As well as the Fed's meeting, the week also sees a number of other notable events, including the release of figures on US jobs creation and consumer sentiment, and Chinese manufacturing activity.

Amazon, Microsoft and other large technology companies are also due to report their earnings.

- Key figures around 0230 GMT -

West Texas Intermediate: UP 0.6 percent at $78.44 per barrel

Brent North Sea Crude: UP 0.5 percent at $83.39 per barrel

Tokyo - Nikkei 225: UP 0.9 percent at 36,079.14 (break)

Hong Kong - Hang Seng Index: UP 1.0 percent at 16,105.17

Shanghai - Composite: UP 0.1 percent at 2,912.74

Dollar/yen: UP at 148.21 yen from 148.13 yen on Friday

Euro/dollar: DOWN at $1.0841 from $1.0858

Pound/dollar: DOWN at $1.2700 from $1.2703

Euro/pound: DOWN at 85.38 pence from 85.44 pence

New York - Dow: UP 0.2 percent at 38,109.43 (close)

London - FTSE 100: UP 1.4 percent at 7,635.09 (close)

 

Biden vows US 'shall respond' after troops killed in Jordan

 

A drone attack on a base in Jordan killed three American troops and wounded more than 30 on Sunday, with President Joe Biden blaming Iran-backed militants and vowing to hold the perpetrators to account.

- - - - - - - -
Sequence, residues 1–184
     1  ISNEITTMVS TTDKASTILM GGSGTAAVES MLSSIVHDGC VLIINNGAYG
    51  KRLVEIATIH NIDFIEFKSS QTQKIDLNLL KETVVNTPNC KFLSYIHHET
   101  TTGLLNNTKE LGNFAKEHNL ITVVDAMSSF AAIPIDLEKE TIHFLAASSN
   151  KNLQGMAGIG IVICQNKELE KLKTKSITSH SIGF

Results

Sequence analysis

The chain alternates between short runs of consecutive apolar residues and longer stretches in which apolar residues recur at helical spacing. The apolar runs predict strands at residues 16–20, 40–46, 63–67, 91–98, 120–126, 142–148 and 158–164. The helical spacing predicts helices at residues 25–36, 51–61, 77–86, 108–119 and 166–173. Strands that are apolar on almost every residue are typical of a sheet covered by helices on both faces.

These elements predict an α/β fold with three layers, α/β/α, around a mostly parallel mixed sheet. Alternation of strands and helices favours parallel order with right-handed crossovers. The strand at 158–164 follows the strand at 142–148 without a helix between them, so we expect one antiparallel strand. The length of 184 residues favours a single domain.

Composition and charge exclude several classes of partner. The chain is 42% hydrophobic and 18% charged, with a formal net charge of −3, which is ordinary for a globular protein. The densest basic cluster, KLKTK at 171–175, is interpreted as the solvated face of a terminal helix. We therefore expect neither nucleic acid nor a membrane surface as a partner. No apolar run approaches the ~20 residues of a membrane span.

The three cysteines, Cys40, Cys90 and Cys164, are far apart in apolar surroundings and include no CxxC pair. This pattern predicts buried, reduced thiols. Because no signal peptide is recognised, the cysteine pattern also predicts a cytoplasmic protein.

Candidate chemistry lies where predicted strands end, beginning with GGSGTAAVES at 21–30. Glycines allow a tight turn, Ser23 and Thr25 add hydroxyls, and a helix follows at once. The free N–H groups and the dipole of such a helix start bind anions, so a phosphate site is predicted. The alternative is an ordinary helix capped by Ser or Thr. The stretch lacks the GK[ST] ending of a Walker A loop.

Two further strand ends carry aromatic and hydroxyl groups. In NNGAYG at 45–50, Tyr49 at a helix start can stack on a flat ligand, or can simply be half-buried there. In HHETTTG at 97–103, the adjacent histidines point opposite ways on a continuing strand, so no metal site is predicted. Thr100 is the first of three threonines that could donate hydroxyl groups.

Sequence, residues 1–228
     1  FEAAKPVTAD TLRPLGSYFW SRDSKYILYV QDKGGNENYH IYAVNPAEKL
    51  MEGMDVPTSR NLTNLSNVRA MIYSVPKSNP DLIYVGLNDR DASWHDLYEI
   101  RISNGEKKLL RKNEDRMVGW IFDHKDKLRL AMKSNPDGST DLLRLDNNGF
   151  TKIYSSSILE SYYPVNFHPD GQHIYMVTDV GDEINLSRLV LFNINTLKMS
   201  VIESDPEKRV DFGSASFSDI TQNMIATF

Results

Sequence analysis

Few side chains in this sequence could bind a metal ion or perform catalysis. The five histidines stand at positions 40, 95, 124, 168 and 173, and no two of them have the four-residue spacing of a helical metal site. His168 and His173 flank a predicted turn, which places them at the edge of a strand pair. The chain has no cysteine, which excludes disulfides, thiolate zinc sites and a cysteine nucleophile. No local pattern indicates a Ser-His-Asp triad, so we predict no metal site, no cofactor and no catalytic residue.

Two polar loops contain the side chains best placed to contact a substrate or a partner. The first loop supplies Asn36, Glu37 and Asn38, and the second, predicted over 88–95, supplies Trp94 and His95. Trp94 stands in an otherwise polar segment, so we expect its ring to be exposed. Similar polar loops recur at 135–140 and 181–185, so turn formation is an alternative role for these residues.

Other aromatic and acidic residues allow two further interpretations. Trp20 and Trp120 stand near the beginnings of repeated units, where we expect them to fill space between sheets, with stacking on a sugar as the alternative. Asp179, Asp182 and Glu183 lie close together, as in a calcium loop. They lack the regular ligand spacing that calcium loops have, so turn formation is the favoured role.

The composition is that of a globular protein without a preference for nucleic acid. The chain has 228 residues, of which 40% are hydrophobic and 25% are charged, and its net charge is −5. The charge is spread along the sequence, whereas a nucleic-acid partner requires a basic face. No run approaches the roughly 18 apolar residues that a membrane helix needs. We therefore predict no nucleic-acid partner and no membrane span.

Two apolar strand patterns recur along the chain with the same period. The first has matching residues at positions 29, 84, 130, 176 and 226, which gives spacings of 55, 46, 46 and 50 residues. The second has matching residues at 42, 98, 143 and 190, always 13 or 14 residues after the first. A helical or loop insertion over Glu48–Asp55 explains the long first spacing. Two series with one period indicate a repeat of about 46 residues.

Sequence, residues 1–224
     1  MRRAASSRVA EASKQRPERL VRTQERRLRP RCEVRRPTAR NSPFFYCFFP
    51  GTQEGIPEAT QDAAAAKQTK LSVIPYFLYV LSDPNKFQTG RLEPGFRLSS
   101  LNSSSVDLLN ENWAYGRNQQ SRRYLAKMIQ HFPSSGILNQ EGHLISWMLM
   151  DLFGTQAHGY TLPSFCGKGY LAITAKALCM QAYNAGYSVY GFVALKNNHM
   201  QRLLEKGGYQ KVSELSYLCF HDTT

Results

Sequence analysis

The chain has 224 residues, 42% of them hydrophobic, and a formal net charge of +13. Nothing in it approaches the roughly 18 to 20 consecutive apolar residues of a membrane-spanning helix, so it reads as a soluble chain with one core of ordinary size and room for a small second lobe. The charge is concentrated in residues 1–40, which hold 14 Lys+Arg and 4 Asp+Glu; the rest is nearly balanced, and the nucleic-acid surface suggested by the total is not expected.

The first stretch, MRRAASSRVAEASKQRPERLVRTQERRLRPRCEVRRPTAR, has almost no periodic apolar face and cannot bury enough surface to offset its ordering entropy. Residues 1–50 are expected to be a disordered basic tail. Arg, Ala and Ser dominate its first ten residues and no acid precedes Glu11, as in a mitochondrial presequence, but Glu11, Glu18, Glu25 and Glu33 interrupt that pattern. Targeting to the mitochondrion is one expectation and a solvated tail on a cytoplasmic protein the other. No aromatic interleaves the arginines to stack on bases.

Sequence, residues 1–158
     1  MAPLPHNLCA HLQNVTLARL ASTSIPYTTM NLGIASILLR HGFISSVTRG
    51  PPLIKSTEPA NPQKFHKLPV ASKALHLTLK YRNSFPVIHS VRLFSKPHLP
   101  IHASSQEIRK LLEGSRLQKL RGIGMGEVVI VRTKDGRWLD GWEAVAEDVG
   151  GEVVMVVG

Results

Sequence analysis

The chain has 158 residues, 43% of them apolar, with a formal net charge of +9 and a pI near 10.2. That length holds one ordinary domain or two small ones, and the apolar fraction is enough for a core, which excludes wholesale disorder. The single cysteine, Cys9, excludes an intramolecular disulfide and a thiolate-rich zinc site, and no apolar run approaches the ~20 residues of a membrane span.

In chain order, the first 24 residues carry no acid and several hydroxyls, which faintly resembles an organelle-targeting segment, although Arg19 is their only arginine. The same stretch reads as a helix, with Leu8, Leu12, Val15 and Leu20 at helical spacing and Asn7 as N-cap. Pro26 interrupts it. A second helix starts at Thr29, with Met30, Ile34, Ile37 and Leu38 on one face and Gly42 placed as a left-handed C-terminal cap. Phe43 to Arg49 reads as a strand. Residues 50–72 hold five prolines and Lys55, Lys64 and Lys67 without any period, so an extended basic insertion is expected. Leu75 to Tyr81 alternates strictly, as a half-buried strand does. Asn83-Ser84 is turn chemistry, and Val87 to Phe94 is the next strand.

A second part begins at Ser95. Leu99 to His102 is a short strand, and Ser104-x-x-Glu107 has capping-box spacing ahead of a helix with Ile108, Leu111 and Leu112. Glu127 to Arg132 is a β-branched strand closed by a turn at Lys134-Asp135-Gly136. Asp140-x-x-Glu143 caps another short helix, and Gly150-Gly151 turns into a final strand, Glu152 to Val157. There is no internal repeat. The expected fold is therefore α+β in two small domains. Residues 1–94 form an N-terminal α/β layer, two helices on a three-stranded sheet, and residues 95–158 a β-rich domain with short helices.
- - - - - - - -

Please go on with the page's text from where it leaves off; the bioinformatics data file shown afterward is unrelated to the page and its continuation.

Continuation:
It is the first time American military personnel have been killed by hostile fire in the Middle East since the war between Israel and Iran-backed Hamas began, and the incident will further raise tensions in the region and add to fears of a broader conflict directly involving Tehran.

"While we are still gathering the facts of this attack, we know it was carried out by radical Iran-backed militant groups operating in Syria and Iraq," Biden said in a statement, pledging to hold "all those responsible to account at a time and in a manner of our choosing."

Later in the day at a South Carolina church banquet hall, the president held a moment of silence for the US troops killed in the attack, then said: "We shall respond."

- 'Regional explosion' -

Hamas spokesman Sami Abu Zuhri called the attack "a message to the American administration that unless the killing of innocent people in Gaza stops, it may be faced with the entire (Muslim) nation."

"The continuation of the American-Zionist aggression on Gaza risks a regional explosion," Abu Zuhri said.

The US Central Command (CENTCOM) said Sunday evening that the attack had hit a logistics support base located at Tower 22, in northeast Jordan, and that it wounded at least 34 service members, eight of whom required evacuation from the country.